Monday, October 05, 2015
Two weeks ago, a New Jersey high school quarterback, Evan Murray, got injured and died following a game. He took a hard hit, seemed in distress, but then got up and left the field on his own power. This was not a concussion, rather a body strike that lacerated his spleen leading to critical internal bleeding. The media picked up this story immediately and it appeared on the Today Show, CBS Evening News and CNN. Additionally, the press also covered this story, most notably USA Today’s Kristine Meldrum with her article, “Are abdominal injuries the next concussion story?” This was essentially a repeat of a story on NBC News that appeared in August, one month before the New Jersey quarterback’s death. The story followed an incident that happened in 2008 when Brian Haugen went up for a pass and got “sandwiched” between two players. He wobbled off the field and was rushed to the hospital, but his liver had been crushed and he died. In the wake of this tragedy, his parents began a foundation in his name that is one of dozens throughout the United States dedicated to addressing internal injuries for youth players.
As parents of preteen and teen players, we hear about the dangers in playing contact sports yet have a desire to put our heads in the sand. None of us want to be the parent who knowingly places our child in harm’s way, while we also intuitively understand that we have to weigh risks against benefits in everything we do. We regularly drive our kids to practices and games knowing full well that people die or are severely injured in car accidents. We fly to our vacations with the understanding that occasionally planes crash. Our kids bike ride (sometimes without helmets), run around with pointed sticks, climb trees, eat unusual foods, wrestle with friends, and play dodgeball. All these things have inherent risks that we accept and try not to think too much about. So how dangerous are youth sports?
The Center for Disease Control estimates that 30 million people under 20 years old play organized sports in the United States. Safe Kids Worldwide reports that in 2013, 1.24 million of these players were seen in emergency rooms with sports-related injuries; the largest percentage, 37 percent, are players in the 13-to-15 age range. That translates into nearly 460,000 kids – a rather staggering number. However, according to Youth Sports Safety Statistics, there were only 120 sports-related injury deaths of young players in 2008, 49 in 2010, and 39 in 2011, showing that education and preventive measures have been helping, creating a reassuringly miniscule .00013 percent of players dying due to sports in 2011. In comparison, the CDC reported that 895 children ages 5-to14 were killed in car accidents in 2010 and the Insurance Institute for Highway Safety recorded 2,524 deaths for teenagers. That means that a child is far more likely to be die on the trip to a game than in the game itself, though even those numbers aren’t scary. Somehow we don’t depend on statistics basing our fear of serious injury or death during a game on stories played out in the evening news. Everything – cars, planes, bikes and sports – can be made safer, but calamity can’t be eliminated. The question is how much risk we will tolerate in various activities.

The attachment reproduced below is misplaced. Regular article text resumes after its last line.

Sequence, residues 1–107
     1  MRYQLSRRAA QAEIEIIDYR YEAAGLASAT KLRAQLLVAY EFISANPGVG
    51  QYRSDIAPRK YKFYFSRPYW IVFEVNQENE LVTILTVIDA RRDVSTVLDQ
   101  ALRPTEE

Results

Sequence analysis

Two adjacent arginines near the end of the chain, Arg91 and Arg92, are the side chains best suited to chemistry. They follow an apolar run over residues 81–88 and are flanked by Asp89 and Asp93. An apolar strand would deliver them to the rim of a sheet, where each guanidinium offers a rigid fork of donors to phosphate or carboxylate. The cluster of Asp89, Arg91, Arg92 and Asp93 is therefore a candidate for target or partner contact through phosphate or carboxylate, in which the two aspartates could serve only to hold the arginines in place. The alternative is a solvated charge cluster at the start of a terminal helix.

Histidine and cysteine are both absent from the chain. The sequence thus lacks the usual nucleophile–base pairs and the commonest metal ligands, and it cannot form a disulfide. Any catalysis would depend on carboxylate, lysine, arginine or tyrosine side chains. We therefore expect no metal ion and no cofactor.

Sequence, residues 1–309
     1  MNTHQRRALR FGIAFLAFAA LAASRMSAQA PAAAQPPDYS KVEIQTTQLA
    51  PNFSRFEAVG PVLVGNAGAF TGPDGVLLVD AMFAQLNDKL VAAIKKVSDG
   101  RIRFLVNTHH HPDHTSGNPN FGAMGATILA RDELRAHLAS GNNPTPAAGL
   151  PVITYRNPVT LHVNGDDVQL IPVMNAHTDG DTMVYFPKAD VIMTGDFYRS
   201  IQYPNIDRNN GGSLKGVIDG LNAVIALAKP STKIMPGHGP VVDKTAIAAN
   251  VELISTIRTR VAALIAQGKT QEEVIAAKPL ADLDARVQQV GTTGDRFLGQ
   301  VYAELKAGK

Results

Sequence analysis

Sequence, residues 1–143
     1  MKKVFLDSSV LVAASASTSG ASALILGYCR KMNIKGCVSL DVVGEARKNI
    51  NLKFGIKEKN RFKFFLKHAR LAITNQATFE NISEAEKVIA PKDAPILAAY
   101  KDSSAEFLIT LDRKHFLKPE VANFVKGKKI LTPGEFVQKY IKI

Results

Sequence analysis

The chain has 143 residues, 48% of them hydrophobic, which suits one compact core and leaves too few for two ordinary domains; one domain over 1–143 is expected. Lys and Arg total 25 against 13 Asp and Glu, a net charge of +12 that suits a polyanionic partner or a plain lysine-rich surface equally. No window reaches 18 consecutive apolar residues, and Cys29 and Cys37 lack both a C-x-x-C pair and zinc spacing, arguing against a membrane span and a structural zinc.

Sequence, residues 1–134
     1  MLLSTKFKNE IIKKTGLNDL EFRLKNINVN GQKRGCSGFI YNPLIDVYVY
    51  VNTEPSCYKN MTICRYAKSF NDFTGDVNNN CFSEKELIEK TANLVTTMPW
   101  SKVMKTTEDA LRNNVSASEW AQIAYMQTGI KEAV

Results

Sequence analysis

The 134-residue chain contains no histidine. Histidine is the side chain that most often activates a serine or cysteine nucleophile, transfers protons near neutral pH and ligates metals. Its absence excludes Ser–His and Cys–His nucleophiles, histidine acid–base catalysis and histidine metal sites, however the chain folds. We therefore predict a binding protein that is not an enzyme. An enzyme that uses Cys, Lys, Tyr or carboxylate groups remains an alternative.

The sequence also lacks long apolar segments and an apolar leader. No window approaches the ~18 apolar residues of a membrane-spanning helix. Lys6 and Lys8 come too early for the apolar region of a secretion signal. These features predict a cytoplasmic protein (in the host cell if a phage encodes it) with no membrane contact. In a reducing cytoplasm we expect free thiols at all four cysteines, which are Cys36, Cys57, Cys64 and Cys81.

Statistics should set our minds at ease. Although the results of catastrophic injury during sports activity are tragic, they are infrequent. We do need to keep in mind that youth players (those under age 19) have less developed musculature around their rib cage and abdomen to resist hard hits, and the younger the player, the more vulnerable his or her brain is to injury. Adults fare much better. Despite their larger size and power when making contact with one another, they have the advantage of natural body protection, longer training in avoiding serious injury, and access to protective wear that has been traditionally only been available to college and professional players. In fact, most high schools don’t offer any specialized protective gear, but many schools are now providing educational programs that give parents the option to learn about and purchase protective gear choices. In fact, Brian Haugen was given this option a day prior to his accident, but that information wasn’t passed on to his parents, who stated they would have bought the gear in a heartbeat. Now the Haugens have provided 1,500 EVO Shields, also known as “rib shirts,” which protect against internal torso injuries, to high school players and hope to double that amount this year. More importantly, they are funding research at the University of West Florida (UWF) into how often serious internal injuries occur in youth players, what those outcomes were, and whether the injuries could have been mitigated or decreased in severity through preventive measures. As John Todorovich, chair of the UWF health, leisure and exercise science department states, “We now have national…concussion data, but we just don’t have the same type of information around the torso area.” Safety gear is available in all sports, but making parents aware of what’s available and getting kids to wear it can be difficult to achieve. At Robbie’s soccer game last weekend, the opposing team’s goalkeeper wore a protective head gear, which is the first I had seen at a recreational game. These aren’t regularly sold at soccer stores, so parents may not know they are available or how they protect. Likewise, kids might feel shielding equipment makes them look dorky, which is why it’s difficult to get them to wear bicycle helmets and knee and elbow pads. However, the more kids do it, the more players there will be who find it cool to follow the trend.